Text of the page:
According to a poll of 100 MPs carried out for Retailers for Shops Reform, a group founded last year and headed by Marks and Spencer, 54 said the Government should include the proposal in its Sunday Trading Bill and 49 said they would either support or strongly support it.
However, the proposal received a cool response yesterday from the Shopping Hours Reform Council, the body campaigning for deregulation, which includes supermarket groups such as Sainsbury, Tesco, Argyll and Asda among its members and wants the bigger stores to be allowed to open for six hours every Sunday.
Roger Boaden, director of the council, said the proposals overlooked the main point, 'which is the freedom to shop and work when you want'.
The new group, which also includes Burton, C & A, Gateway, House of Fraser, Next, Iceland and Sears, says its plan would prevent a Sunday trading war and prevent many small shops from going under. Tony Ginty, Marks and Spencer's government affairs manager, said it wanted small shops to survive, maintaining the diversity which drew shoppers to town centres and to the larger stores.
The group argues that Sunday opening only creates extra business in the approach to Christmas. For the rest of the year, it means spreading sales over seven days, creating extra overheads. It says its plan would prevent shoppers being 'saddled with unnecessary price inflation' resulting from increased costs. It would also give legal protection for staff declining to work on Sundays.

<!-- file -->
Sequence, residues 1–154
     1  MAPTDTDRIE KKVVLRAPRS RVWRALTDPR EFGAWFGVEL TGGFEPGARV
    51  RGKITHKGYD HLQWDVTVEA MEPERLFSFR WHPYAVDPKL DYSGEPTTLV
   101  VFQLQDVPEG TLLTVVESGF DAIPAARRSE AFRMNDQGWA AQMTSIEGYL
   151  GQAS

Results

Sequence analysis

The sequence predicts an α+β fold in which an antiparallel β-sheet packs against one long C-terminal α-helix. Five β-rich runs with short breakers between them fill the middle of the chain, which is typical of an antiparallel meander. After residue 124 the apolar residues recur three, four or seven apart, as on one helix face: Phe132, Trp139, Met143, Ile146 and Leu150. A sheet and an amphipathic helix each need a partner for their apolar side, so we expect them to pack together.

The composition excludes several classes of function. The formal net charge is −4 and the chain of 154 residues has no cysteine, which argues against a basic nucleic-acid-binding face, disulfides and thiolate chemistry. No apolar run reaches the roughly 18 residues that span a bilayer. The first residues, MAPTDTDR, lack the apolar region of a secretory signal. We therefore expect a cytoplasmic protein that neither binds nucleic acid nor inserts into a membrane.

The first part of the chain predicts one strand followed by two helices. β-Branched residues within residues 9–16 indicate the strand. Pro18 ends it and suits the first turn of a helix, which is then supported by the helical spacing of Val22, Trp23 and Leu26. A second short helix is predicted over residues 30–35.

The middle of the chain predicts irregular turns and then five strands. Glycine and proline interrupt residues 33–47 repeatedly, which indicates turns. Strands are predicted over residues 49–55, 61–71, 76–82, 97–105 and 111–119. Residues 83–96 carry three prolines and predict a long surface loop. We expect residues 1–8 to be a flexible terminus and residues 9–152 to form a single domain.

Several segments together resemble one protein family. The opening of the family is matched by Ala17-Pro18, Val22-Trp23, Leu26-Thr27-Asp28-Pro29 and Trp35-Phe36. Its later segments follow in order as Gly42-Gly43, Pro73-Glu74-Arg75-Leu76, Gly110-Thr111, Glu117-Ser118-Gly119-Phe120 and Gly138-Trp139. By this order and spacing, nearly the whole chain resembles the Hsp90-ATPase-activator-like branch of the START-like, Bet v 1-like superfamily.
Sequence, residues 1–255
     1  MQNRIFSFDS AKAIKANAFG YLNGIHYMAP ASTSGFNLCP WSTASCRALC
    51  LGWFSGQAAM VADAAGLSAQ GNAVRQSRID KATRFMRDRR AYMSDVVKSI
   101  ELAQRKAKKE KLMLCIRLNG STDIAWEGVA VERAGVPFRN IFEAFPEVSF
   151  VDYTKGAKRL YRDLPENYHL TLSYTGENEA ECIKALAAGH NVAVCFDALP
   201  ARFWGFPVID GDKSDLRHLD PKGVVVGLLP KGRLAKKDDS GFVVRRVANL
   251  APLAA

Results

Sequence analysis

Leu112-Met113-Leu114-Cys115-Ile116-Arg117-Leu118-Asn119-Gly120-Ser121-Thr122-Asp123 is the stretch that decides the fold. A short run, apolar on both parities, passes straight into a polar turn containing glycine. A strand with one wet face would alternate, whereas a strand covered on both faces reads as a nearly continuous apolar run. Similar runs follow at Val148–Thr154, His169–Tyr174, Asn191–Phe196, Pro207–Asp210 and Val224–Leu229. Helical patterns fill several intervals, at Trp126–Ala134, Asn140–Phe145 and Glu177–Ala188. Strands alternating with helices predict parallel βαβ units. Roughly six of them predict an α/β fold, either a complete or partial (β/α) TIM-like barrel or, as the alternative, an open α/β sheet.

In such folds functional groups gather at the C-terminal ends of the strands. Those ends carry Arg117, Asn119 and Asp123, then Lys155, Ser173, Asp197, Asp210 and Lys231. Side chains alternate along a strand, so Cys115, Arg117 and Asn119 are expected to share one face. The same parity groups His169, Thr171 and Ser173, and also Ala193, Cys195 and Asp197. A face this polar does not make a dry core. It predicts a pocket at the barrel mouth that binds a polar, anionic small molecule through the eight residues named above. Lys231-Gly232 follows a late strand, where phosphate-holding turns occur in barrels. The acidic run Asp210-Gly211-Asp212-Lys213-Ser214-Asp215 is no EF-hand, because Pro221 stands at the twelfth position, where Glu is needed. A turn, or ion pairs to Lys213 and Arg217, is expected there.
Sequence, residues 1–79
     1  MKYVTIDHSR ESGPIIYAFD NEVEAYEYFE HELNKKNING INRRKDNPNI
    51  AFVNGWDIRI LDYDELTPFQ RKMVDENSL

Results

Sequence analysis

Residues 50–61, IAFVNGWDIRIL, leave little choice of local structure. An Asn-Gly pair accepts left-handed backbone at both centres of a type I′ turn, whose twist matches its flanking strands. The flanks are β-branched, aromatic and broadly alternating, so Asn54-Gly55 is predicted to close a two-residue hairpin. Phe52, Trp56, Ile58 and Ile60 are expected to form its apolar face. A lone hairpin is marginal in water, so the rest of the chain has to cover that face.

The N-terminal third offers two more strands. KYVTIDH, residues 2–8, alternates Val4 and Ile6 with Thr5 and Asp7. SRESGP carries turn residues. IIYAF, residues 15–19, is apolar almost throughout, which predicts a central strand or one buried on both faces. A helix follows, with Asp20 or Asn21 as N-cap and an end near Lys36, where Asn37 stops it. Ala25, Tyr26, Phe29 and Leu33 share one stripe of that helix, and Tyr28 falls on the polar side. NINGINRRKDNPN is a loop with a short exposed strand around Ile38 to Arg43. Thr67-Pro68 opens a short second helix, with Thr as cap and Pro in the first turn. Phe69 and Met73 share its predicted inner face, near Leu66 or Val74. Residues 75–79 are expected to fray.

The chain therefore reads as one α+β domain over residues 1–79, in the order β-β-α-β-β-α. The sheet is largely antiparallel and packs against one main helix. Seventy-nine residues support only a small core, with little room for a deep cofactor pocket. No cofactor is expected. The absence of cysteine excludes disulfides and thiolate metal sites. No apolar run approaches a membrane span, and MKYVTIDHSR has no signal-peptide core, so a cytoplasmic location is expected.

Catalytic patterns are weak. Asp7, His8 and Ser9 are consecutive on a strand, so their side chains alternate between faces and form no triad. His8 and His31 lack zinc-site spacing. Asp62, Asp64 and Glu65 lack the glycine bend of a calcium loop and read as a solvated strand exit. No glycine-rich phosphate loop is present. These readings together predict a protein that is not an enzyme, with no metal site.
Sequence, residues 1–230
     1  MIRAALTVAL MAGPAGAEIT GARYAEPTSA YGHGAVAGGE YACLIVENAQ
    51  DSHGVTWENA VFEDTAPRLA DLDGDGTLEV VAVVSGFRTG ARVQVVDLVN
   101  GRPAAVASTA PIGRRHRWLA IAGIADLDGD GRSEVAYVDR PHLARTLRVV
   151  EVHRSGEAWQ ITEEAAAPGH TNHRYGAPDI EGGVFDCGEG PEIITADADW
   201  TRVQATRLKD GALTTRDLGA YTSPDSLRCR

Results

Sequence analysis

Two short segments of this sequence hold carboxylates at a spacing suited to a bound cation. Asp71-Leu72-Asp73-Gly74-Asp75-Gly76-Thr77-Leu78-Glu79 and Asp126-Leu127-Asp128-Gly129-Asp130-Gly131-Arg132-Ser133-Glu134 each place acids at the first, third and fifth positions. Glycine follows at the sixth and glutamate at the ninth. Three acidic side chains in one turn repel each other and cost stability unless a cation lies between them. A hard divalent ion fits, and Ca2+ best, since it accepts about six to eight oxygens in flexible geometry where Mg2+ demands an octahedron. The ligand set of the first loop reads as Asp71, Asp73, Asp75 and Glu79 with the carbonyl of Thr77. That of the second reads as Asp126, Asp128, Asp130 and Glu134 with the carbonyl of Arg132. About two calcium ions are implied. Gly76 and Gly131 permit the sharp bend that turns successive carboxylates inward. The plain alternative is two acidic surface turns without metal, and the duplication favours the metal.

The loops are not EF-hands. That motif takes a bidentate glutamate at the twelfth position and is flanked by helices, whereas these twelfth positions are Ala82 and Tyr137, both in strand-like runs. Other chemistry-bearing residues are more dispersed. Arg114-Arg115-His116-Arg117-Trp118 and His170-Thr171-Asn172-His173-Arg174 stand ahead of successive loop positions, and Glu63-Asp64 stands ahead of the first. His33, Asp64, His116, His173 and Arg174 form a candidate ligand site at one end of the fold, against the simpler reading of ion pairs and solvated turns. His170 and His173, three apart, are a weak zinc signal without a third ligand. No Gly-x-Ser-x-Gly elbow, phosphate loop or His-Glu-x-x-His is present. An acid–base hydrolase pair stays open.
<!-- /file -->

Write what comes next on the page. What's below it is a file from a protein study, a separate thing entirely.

The Government has promised a White Paper setting out three options, varying from total deregulation to the proposals from the Keep Sunday Special campaign group, which would restrict trading to a few specialist outlets. The options would be the subject of a free vote.
However, a Bill is unlikely before the next Queen's Speech, which many observers believe could postpone reforms until the end of 1994. The new group views the current options as 'imbalanced' and wants its own included as a 'middle-ground compromise' between restriction and deregulation.
The Keep Sunday Special campaign, backed by Usdaw, the shopworkers' union, and the Co- op, urged the new group to support the Private Member's Bill now being piloted through the Commons by Ray Powell, Labour MP for Ogmore, and said this offered the only chance of reform by the end of the year.
The Powell Bill, due to come up for its report stage next month, would permit Sunday opening for smaller shops, DIY and garden centres and only differs significantly from the latest plan in that it would not allow opening on the four Sundays before Christmas.Reuse content